Foodservice Equipment Reports

Utah Mulls Liquor Laws

Would Utah’s restaurants morph into bars if the state’s longtime restrictions on display and dispensing alcohol, as well as the intent-to-dine laws, were repealed?

While only 5% of the liquor served in the state is poured in restaurants, Utah’s legislature continues to debate the fallout from lessening restrictions or tightening the reins on liquor laws. Among the laws now in effect are those requiring distinct signage and that eateries verbally confirm customers intend to order food not just alcoholic drinks.

With the state out of restaurant liquor licenses last year, lawmakers in a special session adjusted the population-based quota system to add 90 new licenses: 50 full-service and 40 beer and wine only. At the same time, they raised permit fees 10% to fund four new liquor enforcement officers and more DUI patrols.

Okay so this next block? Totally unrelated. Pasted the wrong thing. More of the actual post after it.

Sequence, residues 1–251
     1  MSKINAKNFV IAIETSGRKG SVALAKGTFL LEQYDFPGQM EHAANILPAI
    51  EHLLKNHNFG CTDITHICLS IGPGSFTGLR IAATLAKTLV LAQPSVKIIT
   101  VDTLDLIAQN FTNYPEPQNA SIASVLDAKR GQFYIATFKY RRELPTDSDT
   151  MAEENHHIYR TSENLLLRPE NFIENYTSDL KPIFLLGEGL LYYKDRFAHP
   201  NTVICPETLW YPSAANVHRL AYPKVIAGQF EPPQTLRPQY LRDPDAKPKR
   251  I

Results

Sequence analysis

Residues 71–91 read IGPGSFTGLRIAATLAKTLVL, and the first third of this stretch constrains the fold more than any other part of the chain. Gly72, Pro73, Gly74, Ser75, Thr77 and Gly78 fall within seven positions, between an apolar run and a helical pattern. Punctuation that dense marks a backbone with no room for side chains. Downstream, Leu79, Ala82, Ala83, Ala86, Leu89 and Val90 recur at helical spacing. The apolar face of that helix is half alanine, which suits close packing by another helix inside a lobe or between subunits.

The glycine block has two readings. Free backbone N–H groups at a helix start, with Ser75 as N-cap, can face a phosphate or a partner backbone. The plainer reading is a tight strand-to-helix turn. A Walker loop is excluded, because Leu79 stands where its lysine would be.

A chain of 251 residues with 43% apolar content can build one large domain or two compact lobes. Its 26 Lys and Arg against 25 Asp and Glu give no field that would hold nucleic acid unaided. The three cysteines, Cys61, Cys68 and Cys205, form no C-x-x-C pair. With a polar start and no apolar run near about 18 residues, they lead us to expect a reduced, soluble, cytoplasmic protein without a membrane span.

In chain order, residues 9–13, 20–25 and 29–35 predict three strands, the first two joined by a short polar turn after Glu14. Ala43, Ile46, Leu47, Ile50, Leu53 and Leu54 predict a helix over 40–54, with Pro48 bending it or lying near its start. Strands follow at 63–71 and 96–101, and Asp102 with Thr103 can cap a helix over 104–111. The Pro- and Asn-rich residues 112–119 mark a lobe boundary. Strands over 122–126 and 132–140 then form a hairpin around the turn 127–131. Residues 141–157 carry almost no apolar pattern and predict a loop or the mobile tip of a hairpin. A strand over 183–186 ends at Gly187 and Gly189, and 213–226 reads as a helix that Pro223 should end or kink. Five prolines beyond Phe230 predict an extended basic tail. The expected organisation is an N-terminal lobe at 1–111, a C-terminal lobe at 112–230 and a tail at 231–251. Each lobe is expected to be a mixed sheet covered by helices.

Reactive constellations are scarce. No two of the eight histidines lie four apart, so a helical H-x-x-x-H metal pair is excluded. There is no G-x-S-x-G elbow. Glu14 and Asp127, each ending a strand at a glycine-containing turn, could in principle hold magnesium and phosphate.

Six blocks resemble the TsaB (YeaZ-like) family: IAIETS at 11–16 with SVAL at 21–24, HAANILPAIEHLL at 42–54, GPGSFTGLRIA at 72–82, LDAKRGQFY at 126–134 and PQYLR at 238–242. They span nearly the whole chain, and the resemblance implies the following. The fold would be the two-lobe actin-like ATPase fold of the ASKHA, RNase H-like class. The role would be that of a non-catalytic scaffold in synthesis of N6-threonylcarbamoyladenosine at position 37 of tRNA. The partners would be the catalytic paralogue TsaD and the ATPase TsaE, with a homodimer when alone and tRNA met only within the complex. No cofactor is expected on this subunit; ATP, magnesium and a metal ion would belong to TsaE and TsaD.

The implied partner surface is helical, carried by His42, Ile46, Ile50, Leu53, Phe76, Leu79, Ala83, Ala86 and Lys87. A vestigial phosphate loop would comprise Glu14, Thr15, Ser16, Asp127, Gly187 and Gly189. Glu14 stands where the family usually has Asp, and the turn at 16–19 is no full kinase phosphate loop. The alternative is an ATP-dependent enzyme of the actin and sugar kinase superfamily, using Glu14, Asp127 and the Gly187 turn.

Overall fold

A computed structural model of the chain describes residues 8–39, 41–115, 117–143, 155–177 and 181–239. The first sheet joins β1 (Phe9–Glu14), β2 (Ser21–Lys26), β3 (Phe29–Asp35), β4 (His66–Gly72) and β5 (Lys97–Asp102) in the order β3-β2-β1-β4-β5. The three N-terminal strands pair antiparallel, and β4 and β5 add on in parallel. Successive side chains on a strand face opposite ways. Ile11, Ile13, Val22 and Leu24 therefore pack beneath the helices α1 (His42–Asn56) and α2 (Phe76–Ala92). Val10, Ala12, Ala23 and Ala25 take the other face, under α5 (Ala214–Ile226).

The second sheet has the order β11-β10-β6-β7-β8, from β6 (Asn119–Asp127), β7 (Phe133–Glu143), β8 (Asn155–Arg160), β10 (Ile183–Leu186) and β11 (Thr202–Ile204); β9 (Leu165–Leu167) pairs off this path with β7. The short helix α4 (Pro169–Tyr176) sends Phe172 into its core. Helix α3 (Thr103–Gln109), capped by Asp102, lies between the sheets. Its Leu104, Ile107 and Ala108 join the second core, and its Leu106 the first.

The licenses were needed to meet the demand from new restaurants, including several out-of-state chains that wanted to open in the Beehive State.

Melva Sine, president of the Utah Restaurant Association, pointed out that restaurants, clubs and bars serve only 3% to 5% of the alcohol consumed in the state. C-stores, grocery stores and state- owned liquor outlets sell 95% of the alcohol in Utah.

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